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BD roundtable: The landscape for women in medtech

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Historically, creating equal opportunity for women has been slow. However, progress has been made in recent years as more opportunities open for women to have a fulfilling career in the medical technology industry. Caroline Beecham, commercial & distribution director UK & Ireland, Theresa Shapland, strategic relationships director and Sian Burgess, national clinical manager, all from UK medtech company BD, share their experiences of moving up the career ladder and discuss the continued change they hope to see in years to come.

How has representation of women in medtech changed during your time working in the sector?

Caroline Beecham: I have been in medtech for nearly 20 years, and the fact is that we do now see more women in leadership positions. However, we are still not where we need to be. While progress has been made, we as an industry still have some way to go.

Theresa Shapland: Thankfully, like most industries, it is changing to recognise the importance of (all) diversity amongst teams, and the ‘female’ leadership competencies that complement our traditional, more male, leadership. But change feels slow. This is still an industry where management is dominated by white, middle-aged males.

Sian Burgess: I think the sector has changed significantly during my time working within it. When I started my career in 20 years ago, there were no females in leadership roles. However now we are seeing women being far more represented in the leadership teams. There are far more initiatives that are being driven around this subject matter today.

Is the sector now focusing more on the needs of women than it was before?

CB: Before we can fully answer this question, I think there needs to be a fair investigation as to what it is that women need and how that differs from male employees. Maybe it is not the workplace that needs to change for women, but relationships and society as a whole.

TS: It’s easy to get caught up in the needs of women, but the conversation can be broader. The ability to work flexibly is something we can all benefit from. The COVID-19 pandemic meant that we all had to embrace working differently, and in that caused no harm in our ability to perform and meet the rapidly changing needs of our customers, during arguably our busiest ever time. In fact, this aided our agility, and changed the office hours culture forever. As we return to ‘normal’, lessons have been learnt and the overall changes in the workplace align well with many of the teams juggling multiple priorities.

SB: I think industry should be focused on the needs and capabilities of all employees, not just those specific to women. Everybody should be treated fairly and given the same opportunities.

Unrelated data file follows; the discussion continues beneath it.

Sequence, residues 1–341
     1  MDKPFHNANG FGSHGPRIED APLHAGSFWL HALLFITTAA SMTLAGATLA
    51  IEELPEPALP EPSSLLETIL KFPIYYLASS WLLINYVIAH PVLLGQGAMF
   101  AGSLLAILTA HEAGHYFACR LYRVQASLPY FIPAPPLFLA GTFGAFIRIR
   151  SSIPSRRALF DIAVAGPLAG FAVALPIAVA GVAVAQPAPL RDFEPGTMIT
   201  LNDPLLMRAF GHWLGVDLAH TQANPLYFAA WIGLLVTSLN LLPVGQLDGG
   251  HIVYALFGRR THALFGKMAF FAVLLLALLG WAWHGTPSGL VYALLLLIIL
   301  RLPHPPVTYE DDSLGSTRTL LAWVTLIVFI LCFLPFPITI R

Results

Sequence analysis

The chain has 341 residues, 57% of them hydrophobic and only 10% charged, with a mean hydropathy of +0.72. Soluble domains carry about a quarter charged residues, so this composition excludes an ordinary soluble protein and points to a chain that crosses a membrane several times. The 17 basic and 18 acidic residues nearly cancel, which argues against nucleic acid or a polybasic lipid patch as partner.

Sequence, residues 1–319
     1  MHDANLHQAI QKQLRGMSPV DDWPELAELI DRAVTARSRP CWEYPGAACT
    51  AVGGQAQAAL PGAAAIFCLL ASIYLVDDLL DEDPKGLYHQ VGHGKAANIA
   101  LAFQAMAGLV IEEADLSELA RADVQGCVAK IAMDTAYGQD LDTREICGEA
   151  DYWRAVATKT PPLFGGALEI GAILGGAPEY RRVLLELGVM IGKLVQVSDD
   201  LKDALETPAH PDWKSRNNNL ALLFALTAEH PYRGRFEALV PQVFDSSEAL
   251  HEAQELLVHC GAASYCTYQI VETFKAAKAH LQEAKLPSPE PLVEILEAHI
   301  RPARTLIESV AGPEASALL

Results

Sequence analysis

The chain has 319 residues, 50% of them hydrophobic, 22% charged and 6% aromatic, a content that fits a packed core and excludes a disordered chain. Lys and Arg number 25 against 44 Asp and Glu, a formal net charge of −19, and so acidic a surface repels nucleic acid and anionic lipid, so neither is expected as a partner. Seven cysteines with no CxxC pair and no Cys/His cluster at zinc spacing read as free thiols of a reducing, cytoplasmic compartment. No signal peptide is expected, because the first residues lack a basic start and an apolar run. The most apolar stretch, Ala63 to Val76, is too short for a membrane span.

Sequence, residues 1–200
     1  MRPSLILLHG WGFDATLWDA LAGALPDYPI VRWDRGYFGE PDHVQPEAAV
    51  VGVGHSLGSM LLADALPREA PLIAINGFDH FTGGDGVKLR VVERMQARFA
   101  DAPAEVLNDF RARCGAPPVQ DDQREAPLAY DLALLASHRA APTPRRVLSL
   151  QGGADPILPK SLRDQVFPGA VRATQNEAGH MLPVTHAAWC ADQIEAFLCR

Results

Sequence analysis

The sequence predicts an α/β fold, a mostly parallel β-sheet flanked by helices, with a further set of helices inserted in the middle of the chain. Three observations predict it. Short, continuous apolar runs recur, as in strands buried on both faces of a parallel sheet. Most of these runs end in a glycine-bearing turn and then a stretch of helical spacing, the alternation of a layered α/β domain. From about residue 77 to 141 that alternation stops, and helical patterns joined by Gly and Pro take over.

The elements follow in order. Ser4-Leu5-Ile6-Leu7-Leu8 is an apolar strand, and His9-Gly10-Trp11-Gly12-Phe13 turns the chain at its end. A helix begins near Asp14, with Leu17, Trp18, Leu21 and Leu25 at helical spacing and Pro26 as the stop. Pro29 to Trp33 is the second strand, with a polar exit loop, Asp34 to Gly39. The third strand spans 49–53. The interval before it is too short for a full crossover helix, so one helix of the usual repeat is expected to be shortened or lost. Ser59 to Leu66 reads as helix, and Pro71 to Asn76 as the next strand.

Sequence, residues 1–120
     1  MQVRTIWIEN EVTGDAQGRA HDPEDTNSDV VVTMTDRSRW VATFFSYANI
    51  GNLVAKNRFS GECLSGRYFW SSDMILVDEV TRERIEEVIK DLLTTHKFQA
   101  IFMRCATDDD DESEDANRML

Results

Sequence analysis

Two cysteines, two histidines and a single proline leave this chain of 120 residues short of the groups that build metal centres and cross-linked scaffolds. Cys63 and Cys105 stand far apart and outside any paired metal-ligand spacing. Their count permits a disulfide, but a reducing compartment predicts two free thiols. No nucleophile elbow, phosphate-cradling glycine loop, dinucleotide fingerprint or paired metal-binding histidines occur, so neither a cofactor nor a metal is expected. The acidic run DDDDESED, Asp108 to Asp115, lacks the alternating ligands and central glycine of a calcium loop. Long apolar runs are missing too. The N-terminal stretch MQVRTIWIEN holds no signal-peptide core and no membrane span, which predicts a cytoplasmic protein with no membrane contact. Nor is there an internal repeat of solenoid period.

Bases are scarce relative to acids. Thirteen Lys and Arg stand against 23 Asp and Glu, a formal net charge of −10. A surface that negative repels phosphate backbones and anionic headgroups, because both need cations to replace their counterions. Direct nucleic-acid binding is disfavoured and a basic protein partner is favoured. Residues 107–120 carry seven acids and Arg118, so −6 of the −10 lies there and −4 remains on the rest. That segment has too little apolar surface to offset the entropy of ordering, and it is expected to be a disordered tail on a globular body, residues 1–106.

Do you think there is much work to be done so women are adequately represented/heard in medtech?

CB: I think the data proves that there is still much work to be done across the medtech sector, but progress is being made.

TS: There is always more to be done. Most senior level teams continue to show an under-representation of women, so focusing on the blockers and how we create a culture that delivers the right balance is as important as ever. Change takes time, but we can’t afford to take our eye off the ball. With more focus on recruitment, development, and support, we can create the right balance, which (as the data suggests) will also deliver the best results.

SB: I still think we need to do more to ensure that women are represented and heard.

With the advent of COVID-19, I do think that hybrid and flexible working has made the work / life balance for women more accommodating.

What further changes/reforms in the sector would you like to see?

CB: I’d like to see some real effort made to understand why women in top leadership positions are still few and far between. Once those roadblocks are understood progress can then be made to remove them and better enable women’s progression. Cross-industry learning could be a useful approach here – what do other industries do that have more women in leadership, and how can medtech learn from this?

TS: I’d like to see the status quo in this area continually challenged. In doing nothing, organisations risk stagnation, at a time when all aspects of equality and diversity have come to the fore, backed by data that is difficult to refute. Supporting emerging female leaders is key, particularly whilst there are few role models, training, coaching, and mentoring all play a part. From a personal perspective, I think it is my responsibility to share my story and experiences, and support and mentor female talent to enable talented women to rise. After all, there is much data showing gender diversity in executive teams improves results. In 2018, McKinsey showed that companies in the top-quartile for gender diversity on executive teams were 21% more likely to outperform on profitability and 27% more likely to have superior value creation. We need them!

SB: I think there are still some traditional gender roles that can cause personal conflicts with progression to management. I think some society and cultural changes need to happen in the first instance to facilitate corporate change.



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